Burnout Can Impact Workers from Head to Toe
Providing workers with proper foot protection should be a moral obligation.
- By Kevan Orvitz
- Apr 01, 2022
Over the past two years, the global Covid-19 crisis has continued to teach us about ourselves, communities, workplace and humanity. Despite the unpredictable obstacles thrown at every industry and workplace, frontline workers continue to be a consistent source of reliability and strength for every community.
Entering 2022, it was abundantly clear that successful companies must be proactive to retain employees and boost morale. Understandably, frontline workers are fatigued and burnt out. They are working longer hours, in addition to heightened demands at home.
According to the World Health Organization, workplace stress that persists without successful management can lead to burnout syndrome. It is broken down into three categories:
- Feeling exhausted
- Increased negativity or emotional distance from one’s job
- Reduced productivity
Year over year, since the beginning of the Covid-19 pandemic, the American workplace has seen increased burnout. Prior to the pandemic, burnout was a hot topic seen in numerous industries, but now more than ever, it is jeopardizing the future of big and small businesses across the country.
One thing has become crystal clear in the Covid-19 pandemic: expect the unexpected. Knowing that the road ahead is unpredictable can give managers and business owners the foresight to work proactively to keep employees safe, engaged and productive.
First, it’s important to analyze the role and daily procedures each employee undergoes. Is their job repetitive? Does it require lifting? Are they standing all day on hard and uneven floors? If their role requires increased physical action, are they being provided with the care, support, and comfort to do their job safely and efficiently?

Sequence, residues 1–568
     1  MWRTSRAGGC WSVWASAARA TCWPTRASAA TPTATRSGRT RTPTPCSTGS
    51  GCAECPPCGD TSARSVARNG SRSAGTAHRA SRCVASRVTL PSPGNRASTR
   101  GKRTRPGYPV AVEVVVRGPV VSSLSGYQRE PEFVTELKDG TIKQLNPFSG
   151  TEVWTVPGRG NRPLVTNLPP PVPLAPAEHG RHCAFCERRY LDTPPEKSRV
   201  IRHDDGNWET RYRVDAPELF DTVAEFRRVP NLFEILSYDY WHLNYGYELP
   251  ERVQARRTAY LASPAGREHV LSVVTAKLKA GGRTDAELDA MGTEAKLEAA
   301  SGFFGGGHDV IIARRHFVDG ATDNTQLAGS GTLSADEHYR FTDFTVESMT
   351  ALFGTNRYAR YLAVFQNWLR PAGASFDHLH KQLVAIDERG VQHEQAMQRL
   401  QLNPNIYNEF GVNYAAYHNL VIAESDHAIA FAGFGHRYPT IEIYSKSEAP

Analyzing the tasks of each worker can help management identify ergonomic hazards experienced in their workforce. For example, force is a common ergonomic hazard. Imagine a delivery driver, each stop requires lifting various sized packages. These heavy external loads generate internal muscular contractions which lead to high levels of stress within the joints and place greater compression on the spine. Sedentary workers still experience this hazard in a manner that everyone can relate to. Prolonged sitting increases stress within the spine, and simply walking on the ground leads to an exertion of force that is, based on our footwear and reactive forces.
These examples highlight two different work environments dealing with the same hazard: force. On the surface it appears that this ergonomic hazard is just a fact of life. However, surveys show that insoles can provide comfort and help reduce pain and fatigue. Offering employees insoles with improved shock absorption can help eliminate the detrimental impact of force. Anti-fatigue insoles work to absorb the downward force of gravity, as well as external load forces, minimizing strain on the joints and spine.
Experiencing an awkward moment can be a fleeting discomfort. However, an awkward posture can be a long-term ergonomic disaster. Individuals working in an awkward posture forgo working within their body’s neutral position. Instead, they find themselves in a posture which requires more muscular effort and provides less functional stability at the joints. As awkward postures continue, feet can become fatigued leading to pronation, allowing joint stress at the knees, hips and lower back region to grow.
Much like an awkward moment, awkward postures are hard to completely avoid. If these postures are inevitable, it’s important to protect employees from harm.
Increasing support through insoles will boost the neutral arch of the feet, reducing pronation and anterior tilting of the pelvis, caused by fatigue. It’s critical that employees receive individualized support, based on their arch type, to ensure maximum efficacy.
The pandemic has shifted from sprinting towards a finish line, to living in a marathon of ever fluctuating change. Frontline workers have been left to discover a new balance within their lives, regardless of the increased physical and emotional stress brought forth by the pandemic. Providing these dedicated workers with proper foot protection should be a moral obligation to businesses. Furthermore, it’s an opportunity to increase employee engagement and satisfaction. Improving foot protection through enhanced support and comfort demonstrates a company’s core values and shows employees that their health and safety is the greatest priority.
This article originally appeared in the April 2022 issue of Occupational Health & Safety.